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Hybrid vs Mountain Bike w/ Kid

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Hybrid vs Mountain Bike w/ Kid

Old 12-13-18, 12:14 PM
  #26  
blakesimus
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Originally Posted by BrocLuno View Post
I understand the dilemma. I have a granddaughter now, and when she was younger, we hauled her around on the rack. Yes, you need to keep your weight forward. Yes you need some tire cross-section to get the job done. But our trails are either pure road bike, or not conducive to a trailer. Sounds like your are better in that regard ...

Given your explanation of the roads and trails, seems like a trailer will work. So that's pretty easy to fit for both bikes. I'd also get skeletal rear racks (lunch, nappies, windbreakers, etc.). I'd like some semi-serious gearing for trailer pulling up gradient. I'd also opt for the largest diameter wheels you can swing in a a deal. They have better roll-over on pavement irregularities. And they are nice on trails. 27.5 or 29'ers are good

So crappy roads are tricky. It's either high pressure road tires and you take the hit on the pavement defects, but they roll efficiently, and you try to get some compliance out of the front end. Or mid-sized tires (cross-section) at mid-pressure and a maybe a plainer front end, but more rolling resistance ... Does not have to be suspension. There are good steel forks with enough give/spring to take the worst out. So, given your situation, I think I'd be looking seriously at gravel bikes. They are form of Hybrid. Do a bunch of YT reviews and watch the way the bikes act. See if that interests you ...

If you score a chassis with a tapered head set, you can upgrade to a Lauf fork when funds/time become available (used ones are starting to show up in the market). As your babe grows, you'll dedicate the existing chassis to road/gravel, tune it to be responsive and light, and pleasing in your average environment.

A bit later you can get a used MTB and tweak it, so that as things progress, you can challenge yourself on the more technical trails when time permits. So MTB stuff can get very techie and very spendy, very quickly. Many riders find themselves drawn to niche riding like down hill (DH) for the rush and the skill required. You will not know where you are going in that regard, so start slow. An aluminum hard-tail (used) with a very good fork (also used) and a dropper seat-post will get you a long way in finding what intrigues you ...

I recently bough a Specialized Hardrock Sport for $80. I got a nearly new Manitou R7 Elite air fork for it for $150 off eBay, and lost that horrendous RST fork that came on it. Some new cables, a bit of brake work and a tire swap and I'd ride that thing most anywhere. The chassis was/is nice and light and tough, but the OEM fit-out was very low grade to make their price point. This is so common in MTB stuff it's cliche'. I also bought an older FS K2 not long ago for $100 with air on both ends (Marzocchi & Fox). Not something you run across every day, but the owner just upgraded to a new Santa Cruz something and wanted it gone. Those deals do come along, not often, but they do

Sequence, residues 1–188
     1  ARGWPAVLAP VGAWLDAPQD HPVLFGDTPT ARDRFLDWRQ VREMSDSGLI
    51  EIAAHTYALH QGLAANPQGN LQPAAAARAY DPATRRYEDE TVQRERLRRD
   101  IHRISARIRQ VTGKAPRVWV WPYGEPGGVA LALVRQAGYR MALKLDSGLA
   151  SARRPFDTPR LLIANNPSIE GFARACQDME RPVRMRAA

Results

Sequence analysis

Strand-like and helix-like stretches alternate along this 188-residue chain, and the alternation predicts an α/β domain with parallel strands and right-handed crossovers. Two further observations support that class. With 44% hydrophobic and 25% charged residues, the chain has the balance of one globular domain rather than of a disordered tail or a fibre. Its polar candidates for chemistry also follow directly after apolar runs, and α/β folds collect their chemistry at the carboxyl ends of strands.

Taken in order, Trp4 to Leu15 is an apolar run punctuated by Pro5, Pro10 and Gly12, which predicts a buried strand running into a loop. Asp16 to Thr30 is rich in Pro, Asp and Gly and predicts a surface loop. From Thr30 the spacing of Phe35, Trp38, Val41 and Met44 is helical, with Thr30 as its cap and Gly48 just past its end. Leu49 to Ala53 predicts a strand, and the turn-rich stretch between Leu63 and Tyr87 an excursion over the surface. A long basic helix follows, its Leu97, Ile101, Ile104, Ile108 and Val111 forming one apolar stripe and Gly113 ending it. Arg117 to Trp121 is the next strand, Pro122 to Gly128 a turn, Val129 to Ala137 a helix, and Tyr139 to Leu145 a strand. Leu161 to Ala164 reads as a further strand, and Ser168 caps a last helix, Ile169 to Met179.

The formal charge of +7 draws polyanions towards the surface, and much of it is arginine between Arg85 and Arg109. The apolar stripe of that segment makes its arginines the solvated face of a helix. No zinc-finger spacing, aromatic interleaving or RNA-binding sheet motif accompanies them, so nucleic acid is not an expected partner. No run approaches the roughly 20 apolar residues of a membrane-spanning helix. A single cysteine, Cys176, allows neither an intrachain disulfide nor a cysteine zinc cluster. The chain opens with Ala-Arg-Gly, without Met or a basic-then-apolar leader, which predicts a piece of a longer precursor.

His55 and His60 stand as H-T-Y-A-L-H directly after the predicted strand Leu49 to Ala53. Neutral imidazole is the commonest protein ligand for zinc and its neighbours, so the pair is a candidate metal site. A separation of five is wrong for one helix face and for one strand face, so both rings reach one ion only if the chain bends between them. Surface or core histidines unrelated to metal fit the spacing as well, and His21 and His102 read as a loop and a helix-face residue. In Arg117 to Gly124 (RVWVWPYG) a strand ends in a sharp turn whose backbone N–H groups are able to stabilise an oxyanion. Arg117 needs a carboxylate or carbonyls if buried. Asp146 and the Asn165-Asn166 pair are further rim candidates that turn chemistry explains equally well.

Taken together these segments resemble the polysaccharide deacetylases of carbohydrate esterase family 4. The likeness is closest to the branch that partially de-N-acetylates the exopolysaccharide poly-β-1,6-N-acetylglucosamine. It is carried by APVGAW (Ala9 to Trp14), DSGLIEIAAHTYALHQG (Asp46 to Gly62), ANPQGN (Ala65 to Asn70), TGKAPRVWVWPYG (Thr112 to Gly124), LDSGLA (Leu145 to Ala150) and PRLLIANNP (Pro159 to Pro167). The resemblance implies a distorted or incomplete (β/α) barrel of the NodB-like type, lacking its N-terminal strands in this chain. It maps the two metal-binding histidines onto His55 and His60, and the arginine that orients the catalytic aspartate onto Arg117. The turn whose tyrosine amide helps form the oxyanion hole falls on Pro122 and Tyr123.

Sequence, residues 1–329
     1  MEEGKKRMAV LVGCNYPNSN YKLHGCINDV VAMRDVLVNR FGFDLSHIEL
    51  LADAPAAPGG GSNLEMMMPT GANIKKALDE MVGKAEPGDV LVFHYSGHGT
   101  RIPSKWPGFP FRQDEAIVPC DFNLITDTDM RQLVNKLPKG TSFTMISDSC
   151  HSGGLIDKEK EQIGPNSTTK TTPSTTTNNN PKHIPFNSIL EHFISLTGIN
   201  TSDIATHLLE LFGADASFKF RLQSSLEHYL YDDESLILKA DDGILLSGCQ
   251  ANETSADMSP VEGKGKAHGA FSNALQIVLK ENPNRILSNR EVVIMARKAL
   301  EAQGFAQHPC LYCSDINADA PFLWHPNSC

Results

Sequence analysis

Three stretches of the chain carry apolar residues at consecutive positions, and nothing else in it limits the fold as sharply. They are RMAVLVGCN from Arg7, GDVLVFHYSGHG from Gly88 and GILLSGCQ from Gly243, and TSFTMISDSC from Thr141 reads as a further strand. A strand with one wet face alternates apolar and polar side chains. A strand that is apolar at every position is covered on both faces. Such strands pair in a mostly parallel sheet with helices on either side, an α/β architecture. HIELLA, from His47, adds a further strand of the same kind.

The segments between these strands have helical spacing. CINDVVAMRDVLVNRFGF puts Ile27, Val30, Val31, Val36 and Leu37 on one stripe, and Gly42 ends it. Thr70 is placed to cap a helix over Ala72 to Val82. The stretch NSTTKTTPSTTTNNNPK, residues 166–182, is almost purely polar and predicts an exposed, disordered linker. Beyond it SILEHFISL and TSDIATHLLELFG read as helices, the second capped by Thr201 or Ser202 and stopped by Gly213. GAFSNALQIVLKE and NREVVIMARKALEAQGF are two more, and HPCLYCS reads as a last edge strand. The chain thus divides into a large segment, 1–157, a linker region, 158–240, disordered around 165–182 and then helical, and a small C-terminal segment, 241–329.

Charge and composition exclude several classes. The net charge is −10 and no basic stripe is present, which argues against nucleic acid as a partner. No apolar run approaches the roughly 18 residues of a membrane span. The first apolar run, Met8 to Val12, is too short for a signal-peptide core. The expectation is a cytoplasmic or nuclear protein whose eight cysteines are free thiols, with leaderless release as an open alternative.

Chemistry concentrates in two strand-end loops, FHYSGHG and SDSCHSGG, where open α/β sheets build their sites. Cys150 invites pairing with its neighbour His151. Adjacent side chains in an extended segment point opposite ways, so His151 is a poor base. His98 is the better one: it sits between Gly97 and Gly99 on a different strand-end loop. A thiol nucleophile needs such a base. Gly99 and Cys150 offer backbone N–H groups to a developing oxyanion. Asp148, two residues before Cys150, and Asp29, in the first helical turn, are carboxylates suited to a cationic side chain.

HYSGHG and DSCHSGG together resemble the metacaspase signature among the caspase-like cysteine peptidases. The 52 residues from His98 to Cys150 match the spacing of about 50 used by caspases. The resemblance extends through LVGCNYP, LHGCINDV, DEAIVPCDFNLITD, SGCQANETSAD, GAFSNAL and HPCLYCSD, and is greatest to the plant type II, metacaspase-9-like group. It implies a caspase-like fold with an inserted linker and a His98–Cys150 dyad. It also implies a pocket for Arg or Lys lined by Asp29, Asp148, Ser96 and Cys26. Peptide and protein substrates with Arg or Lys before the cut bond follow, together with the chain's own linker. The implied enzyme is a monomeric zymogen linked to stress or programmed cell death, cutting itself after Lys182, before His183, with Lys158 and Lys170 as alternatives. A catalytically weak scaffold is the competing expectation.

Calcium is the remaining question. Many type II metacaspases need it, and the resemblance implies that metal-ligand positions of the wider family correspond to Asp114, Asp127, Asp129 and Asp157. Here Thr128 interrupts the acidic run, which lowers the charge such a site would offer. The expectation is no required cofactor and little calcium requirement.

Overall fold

Point being you can explore a lot of MTB stuff/territory/conditions w/o breaking the bank - in the beginning. As you refine your tastes and build your skills, you can sell the used chassis for what you have in it (more or less) and progress upward. Buying new here, and taking the depreciation hit each time is not such a good plan at the start ... If you are real lucky, your baby will grow up to like trail riding, and as they get to middle childhood years, will have their own XC or All Mountain bike and ride with you. You'll be watching them ride away (kid energy & reflexes) while trying to keep up. But, it'll be fun

My guess, and it's only a guess, is that you'll end up with an "All Mountain" bike. There again, it'll take some research to figure out what it means exactly and which tweaks are important to you ... And, in the meantime you'll have your family outings and get some exercise - win/win
You've given me a lot to think about lol. Thanks! I do look forward to watching her race around in front of me. I'll definitely be staying away from the hardcore mtb money sink for a while. (Kids are expensive...as you're well aware.)
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Old 12-14-18, 01:25 PM
  #27  
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Here's a bit more. You prolly have the family bikes figured out, or are well on the way. Here's a decent video on upgrading an older MTB that I thought was not terribly biased. Yeah, they're pushing some product, but they explain why Just wait out the ATV BS and the bicycle stuff starts ...


I think they did as well as could be expected and the results are very decent

Last edited by BrocLuno; 12-15-18 at 01:33 PM.
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Old 12-14-18, 01:35 PM
  #28  
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Originally Posted by mtb_addict View Post
This looks like so much fun. Although I have never seen anyone actually use something like this on the trail or on paved MUP either.

https://www.vitalmtb.com/product/fea...r-the-Ride,206

I love the mac ride. I have one and actively use it on trails (yes single track) and the road. My kids love it. You can safely use it up to a certain height based on your height. The kids needs to be aware enough to keep his/her hands on the bar. I have one kid who wants to go handless, and I won't take him out - yet...


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Old 12-14-18, 01:41 PM
  #29  
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As for bike. I would always pick the mountain bike. But I live in an area with a large number of mountains so I am biased. That and with my mac ride the front fork makes everything more enjoyable.

I also don't find the bow legged effect someone above mentioned. The seat is tiny and only as wide as the kids butt.